A Historic Setting.

Geneseo is one of only a handful

of communities nationwide listed in the National Register of Historic Places.

Geneseo provides weekend bus service to (and from) Rochester, one of New York’s most culturally rich cities. And a shuttle bus, free to student riders, operates in the village day and evening, including service to nearby shopping centers.


As you stroll tree-lined walks crossing grassy quads, you can understand why, in addition to the College’s high selectivity, many visitors and educational observers have labeled

Geneseo, “New York’s Public Ivy.” The Campus: A Mix of Traditional and Contemporary. Most of Geneseo’s campus buildings reflect a traditional style, conveying the impres sion that important things have been happening here for years. And, indeed, they have. Yet you need not look far to find significant evidence of the modern world. One prime example: the spectacular Integrated Science Center (ISC) , which opened for classes and research in August 2006 . When the Center was dedicated, hundreds attended sym posiums and lectures on topics ranging from evolution and science pedagogy to the relationship between the arts and sciences. When you visit, be sure to look for both the old and the new.

Take your laptop nearly anywhere on campus, including the quad, and you’ll enjoy wireless connectivity to the Internet.


Friends and Community. Most of Geneseo’s residence halls house 100?200 students, so residents bond quickly in both corridor and suite-style

A Residential Campus.

It’s a short walk from the residential villages to the academic quads, so Geneseo students move easily between their living spaces and their classrooms, the library, labs, and art studies, no matter what time of day. Close proximity also draws professors into residence halls and dining centers to spend time with students outside the classroom.

Traditionally Geneseo: Watching the sunset, 100 Volunteers,

MidKnight Breakfast, Senior Week, the Painted Tree and the Dr. Seuss Tree, Spring Weekend, Broomball, and Homecoming.

Shared Interests —Diverse Approaches Geneseo’s new residential college houses are communities formed within residence halls that include special relationships with Faculty Fellows. Dante House, a community of first-year students, invites students to think about their lives as global citizens. Writer’s House, with spaces reserved for students from every class year, allows any student interested in being part of a writing community to apply to live with other writers, including chemistry majors who write poetry or sociology majors who write fantasy fiction. Our students have proposed future houses, including a “green” house where residents focus on environmental issues.


“A poem begins in delight and ends in wisdom.” ROBERT FROST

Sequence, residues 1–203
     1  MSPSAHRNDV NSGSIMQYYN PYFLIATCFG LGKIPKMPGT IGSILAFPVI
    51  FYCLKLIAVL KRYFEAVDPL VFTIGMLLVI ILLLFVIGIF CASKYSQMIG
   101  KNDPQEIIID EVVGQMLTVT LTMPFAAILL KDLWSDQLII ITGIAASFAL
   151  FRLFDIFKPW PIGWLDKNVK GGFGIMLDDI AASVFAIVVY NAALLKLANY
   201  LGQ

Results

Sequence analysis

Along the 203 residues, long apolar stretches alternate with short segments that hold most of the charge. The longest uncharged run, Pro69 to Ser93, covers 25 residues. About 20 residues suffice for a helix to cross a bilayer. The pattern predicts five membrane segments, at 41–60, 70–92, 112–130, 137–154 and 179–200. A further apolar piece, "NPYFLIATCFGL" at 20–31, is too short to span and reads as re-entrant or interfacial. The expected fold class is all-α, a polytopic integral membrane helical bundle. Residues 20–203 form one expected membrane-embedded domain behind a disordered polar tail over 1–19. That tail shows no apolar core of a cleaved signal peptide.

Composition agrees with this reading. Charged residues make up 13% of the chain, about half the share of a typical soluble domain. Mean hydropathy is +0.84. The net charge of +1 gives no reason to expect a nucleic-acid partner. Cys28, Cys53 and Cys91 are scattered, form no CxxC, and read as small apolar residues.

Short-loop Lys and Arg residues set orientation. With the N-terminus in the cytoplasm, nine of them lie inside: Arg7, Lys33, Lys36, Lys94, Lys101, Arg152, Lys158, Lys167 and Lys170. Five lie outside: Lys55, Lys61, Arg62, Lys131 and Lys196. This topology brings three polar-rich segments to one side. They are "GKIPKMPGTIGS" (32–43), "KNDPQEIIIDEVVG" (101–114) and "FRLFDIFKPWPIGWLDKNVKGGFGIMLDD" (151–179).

In addition to a two-day summer orientation, Geneseo sponsors an innovative W.O.W. (Weeks of Welcome) program at the beginning of the academic year. The W.O.W. program features four weeks of welcoming activities, ranging from seminars on setting goals and reducing stress to book discussions and craft shows; from midnight movies and ice cream socials to dances and billiards.

170+ Here’s but a small sampling of the 170+ student organizations. Can’t find what you’re looking for? Start a club of your own! Activities Commission Amnesty Inter national Biochemistry Club Black Student Union Carol Choristers

More than 1,800 Geneseo students

volunteer every year

at area children’s centers, nursing homes, schools, soup kitchens, health and service agencies, and other community organizations. The College’s Big Brother, Big Sister program is the largest of any collegiate program in the nation.

Chamber Singers Chamber Symphony Chinese Cultural Club CIAO (Italian Student Union) Frater nities and Sororities Gays, Lesbians, Bisexuals & Friends GSTV (student television) Hispanos Unidos en Geneseo Honor Societies (more

Activities for All Were you deeply involved in activities during high school? Do you wish you had tried more things, taken more risks? Do you wonder about life outside the college classroom, especially when your college isn’t in the middle of a big city?

than a dozen) International Business Club Inter-Varsity Christian Fellowship Irish Student Union Jazz Ensemble Jewish Student Union Korean American Students Association Latinas en Progresso y DeSarrolo Model United Nations

Ask Geneseo students if they have any advice for new students and they’ll likely respond: “Get involved!” Point well taken. To get the most out of your Geneseo experience, simply step outside your residence hall and immerse yourself in the life of the campus. There’s no end of things to do and activities to try. And be judicious, at first, until you find your footing. But at the end of the day — or four years — the busier you are, the happier you’ll be and the more growth you’ll experience.

Musical Theatre Club Newman Club Orchesis (dance) Our Time (literary magazine) Political Affairs Club Residence Hall Councils String Band Student Art Association Student Music Association Students for a Free T ibet Swing Club The Lamron (newspaper) WGSU-FM W ind Ensemble

Check out our website (www.geneseo.edu) to learn about other popular offerings such as Upstate Escapes, the Adirondack Adventure, and the Knight Spot Dance Club.


Demonstrate Leadership. Attend

GOLD program activities. Captain an athletic team. Become a resident assistant. Run for an office. Start a new club. Give campus tours. Opportunities abound. Seize them.